Keep Calm & Cast On

keepcalmI always knew that the meditative aspects of knitting were good for my soul. It appears that there is scientific proof that the repetitive nature of knitting is a health benefit. There’s an article on facebook today that I think is very interesting and you can read it by clicking HERE!

While I can’t say that knitting has been good “exercise” and there is no proof that I have lost weight or become more physically fit by knitting, I do believe my mind and soul is healthier (and maybe it’s helped my blood pressure, too). I have had some experience over the years with SAD (seasonal affective disorder) and depression. When my son became school aged, I had a really intense bout with depression and really thought that I was going to die. Thanks to my friends and family who stepped in to help me with my children when I was immobilized, some wonderful doctors who were willing to listen to me – beyond the physical symptoms, medication and a great therapist who invited me to look at myself, I recovered and resumed being a mom. I’ve had a few little struggles along the way but nothing like the big “wake up call” back then.

I thought I could attribute my mental health to therapy and self-awareness. Now, I think I have to give, at least partial credit, to my knitting needles and yarn. It does feel good to relax deeply and watch the fabric grow with time and attention. It feels good to finish a project and sense the accomplishment of having created something beautiful; often to keep someone I love warm or to give as a gift to someone that I love or admire.

We’ve all seen the pictures on Pinterest and Facebook that say that knitting is cheaper than therapy – and while I’m not certain where I’ve spent more money, I do know that I feel healthier today and, according to science, I can thank my knitting for part of that!

Gone knitting!

On Losing One’s Self

I’m reading Elizabeth Gilbert’s book, Committed. If you’ve ever been married, are married or are thinking about getting married one day, it’s a good read and may teach you a thing or two about the institution of marriage. Ultimately, her story has a happy ending …

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Gilbert’s first marriage ended, suffice it to say, in a flaming ball of fire. And upon falling in love a second time, she was skeptical about entering into another marriage. I can get this! Having “failed” once, who wants to go running back for more? I don’t care how much one loves somebody, it’s a frightening concept to try again at something that didn’t work the first time.

Some of Gilbert’s research is interesting and I hadn’t realized that men benefit more from being married than women do (although it makes sense.) Apparently men are happier, healthier and more financially stable when they are married. Women, however, don’t benefit nearly as well. Income is likely to drop by seven percent for married women. They are more likely to suffer from depression and die in a catastrophic accident. Maybe because most married women are so stretched … working, caring for a husband, children and home is a lot of work and the book says that most men don’t share equally in the household or child-rearing responsibilities. It is also said that women who wait to get married until they’re more established are more likely to be happier when they’re married. So, having read most of this quick read, my advice to women is WAIT!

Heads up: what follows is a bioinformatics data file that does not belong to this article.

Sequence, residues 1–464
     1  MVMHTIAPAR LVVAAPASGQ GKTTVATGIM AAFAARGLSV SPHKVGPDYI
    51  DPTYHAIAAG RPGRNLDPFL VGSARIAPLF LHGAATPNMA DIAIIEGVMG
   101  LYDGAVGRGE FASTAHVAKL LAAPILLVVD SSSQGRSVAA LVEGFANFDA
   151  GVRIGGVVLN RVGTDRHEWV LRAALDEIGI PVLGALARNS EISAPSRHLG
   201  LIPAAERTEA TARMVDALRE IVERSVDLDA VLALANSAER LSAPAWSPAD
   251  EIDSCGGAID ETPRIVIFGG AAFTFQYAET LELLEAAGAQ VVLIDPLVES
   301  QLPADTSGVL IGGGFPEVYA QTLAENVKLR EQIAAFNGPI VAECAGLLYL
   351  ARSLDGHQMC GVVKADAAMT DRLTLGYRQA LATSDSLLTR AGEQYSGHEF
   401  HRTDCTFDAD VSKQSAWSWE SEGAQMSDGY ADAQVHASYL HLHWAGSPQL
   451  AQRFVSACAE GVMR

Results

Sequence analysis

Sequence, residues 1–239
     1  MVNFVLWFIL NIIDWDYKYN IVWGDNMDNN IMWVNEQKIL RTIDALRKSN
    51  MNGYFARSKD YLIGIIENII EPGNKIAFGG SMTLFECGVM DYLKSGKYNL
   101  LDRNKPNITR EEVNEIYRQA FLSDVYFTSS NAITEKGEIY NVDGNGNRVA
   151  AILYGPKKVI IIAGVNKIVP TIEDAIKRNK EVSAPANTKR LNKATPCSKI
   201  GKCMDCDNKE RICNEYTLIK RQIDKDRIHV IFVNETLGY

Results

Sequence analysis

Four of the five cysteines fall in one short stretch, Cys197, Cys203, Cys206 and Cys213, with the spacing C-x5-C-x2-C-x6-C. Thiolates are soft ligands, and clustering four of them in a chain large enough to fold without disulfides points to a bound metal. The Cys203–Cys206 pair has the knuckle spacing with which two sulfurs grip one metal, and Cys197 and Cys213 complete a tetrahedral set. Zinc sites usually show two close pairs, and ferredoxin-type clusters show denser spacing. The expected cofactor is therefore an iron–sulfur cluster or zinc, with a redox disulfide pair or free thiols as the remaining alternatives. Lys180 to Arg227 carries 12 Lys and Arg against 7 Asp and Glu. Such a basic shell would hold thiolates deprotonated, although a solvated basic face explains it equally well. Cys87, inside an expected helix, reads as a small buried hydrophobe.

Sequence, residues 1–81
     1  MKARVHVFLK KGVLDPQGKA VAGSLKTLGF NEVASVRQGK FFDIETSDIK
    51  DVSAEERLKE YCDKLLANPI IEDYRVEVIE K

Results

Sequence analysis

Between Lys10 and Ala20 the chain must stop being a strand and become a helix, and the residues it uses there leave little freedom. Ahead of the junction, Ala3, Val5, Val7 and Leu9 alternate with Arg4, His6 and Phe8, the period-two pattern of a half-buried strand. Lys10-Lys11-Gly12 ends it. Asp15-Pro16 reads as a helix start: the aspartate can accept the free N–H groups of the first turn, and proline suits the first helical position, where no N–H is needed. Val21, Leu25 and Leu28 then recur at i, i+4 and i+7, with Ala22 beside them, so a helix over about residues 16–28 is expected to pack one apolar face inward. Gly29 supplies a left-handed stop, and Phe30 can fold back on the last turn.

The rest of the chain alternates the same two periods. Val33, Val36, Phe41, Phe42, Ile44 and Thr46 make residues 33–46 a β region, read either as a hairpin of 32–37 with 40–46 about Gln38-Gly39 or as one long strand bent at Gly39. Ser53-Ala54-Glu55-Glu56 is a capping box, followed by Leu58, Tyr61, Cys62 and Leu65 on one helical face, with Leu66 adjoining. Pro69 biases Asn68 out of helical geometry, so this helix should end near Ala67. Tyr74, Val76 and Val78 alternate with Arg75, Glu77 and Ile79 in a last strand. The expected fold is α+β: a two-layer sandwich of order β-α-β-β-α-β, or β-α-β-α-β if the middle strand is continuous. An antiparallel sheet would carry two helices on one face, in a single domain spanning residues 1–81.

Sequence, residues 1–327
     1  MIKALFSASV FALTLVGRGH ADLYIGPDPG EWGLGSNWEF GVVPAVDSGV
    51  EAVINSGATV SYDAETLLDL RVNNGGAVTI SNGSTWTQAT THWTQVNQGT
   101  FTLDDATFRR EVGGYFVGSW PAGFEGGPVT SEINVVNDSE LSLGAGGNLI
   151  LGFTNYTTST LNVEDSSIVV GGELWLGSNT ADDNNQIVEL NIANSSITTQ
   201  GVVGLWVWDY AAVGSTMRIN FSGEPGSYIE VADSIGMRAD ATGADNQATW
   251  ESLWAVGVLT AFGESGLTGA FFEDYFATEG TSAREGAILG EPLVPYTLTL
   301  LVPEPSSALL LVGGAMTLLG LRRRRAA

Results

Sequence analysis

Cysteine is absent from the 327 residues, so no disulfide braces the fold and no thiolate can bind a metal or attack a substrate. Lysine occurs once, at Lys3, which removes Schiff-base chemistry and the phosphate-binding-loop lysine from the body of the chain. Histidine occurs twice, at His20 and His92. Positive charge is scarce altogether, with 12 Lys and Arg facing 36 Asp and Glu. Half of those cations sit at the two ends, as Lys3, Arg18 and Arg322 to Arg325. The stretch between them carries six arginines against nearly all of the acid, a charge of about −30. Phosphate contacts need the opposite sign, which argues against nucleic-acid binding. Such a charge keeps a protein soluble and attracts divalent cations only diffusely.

I was a “baby” when I got married at twenty-two and had my first child when I was twenty-six. I absolutely agree with Gilbert that you can lose yourself in marriage. Especially when there are children. I have been reclaiming myself for the last few years. I’m not saying that I have regrets because being able to stay at home and parent my three kids was a blast. I really enjoyed it and I was (and am) a good parent. Anyway, I loved volunteering in my community and we had a great neighborhood babysitting co-op when the kids were little so I had a great support system. My children became my life and I let myself slip to the back of the line. Everyone else’s needs came first (partly because they were more vocal, I think) and I didn’t understand the premise that if you don’t take care of yourself, you can’t care for everyone else. Needless to say, when my youngest went off to school, my world came crashing down in a horrible bout of depression that put me in bed for nearly six weeks. It was debilitating and frightening and there were times when I truly believed that I was going to die. One of my doctors wanted to do a spinal tap and that’s what sent me to a new doc who diagnosed my with depression and put  me on medication and, sure enough, after a couple of weeks I was able to get myself out of bed and out into the sunshine and back into life. It was the start of me taking time for myself and investing in myself – I started walking regularly and seeing a great therapist (or three) who have helped guide me to knowing myself.

I’ve been extremely fortunate to be able to get off the meds and haven’t had a relapse in years. I used to have a bit of a “down turn” at the end of summer when the kids went back to school. No dancing in the aisles at Staples for me! I tend to wear my heart on my sleeve and can get upset, don’t get me wrong. I’ve spent several days at a time in my house/apartment/condo when my mother died and I was grieving. I did the same several months later when we buried her. The good news is that I know where to go when I need to get help and I now have the tools that I need to get myself back “on track”. I’m a lot happier when I remember to do something for me … and my knitting feeds that piece!

And now, I find myself in love with a man who (I think) would like to get married again. Some days I feel like that would be wonderful and some days not so much. Isn’t living together enough? So, I continue to invest in myself and follow my heart …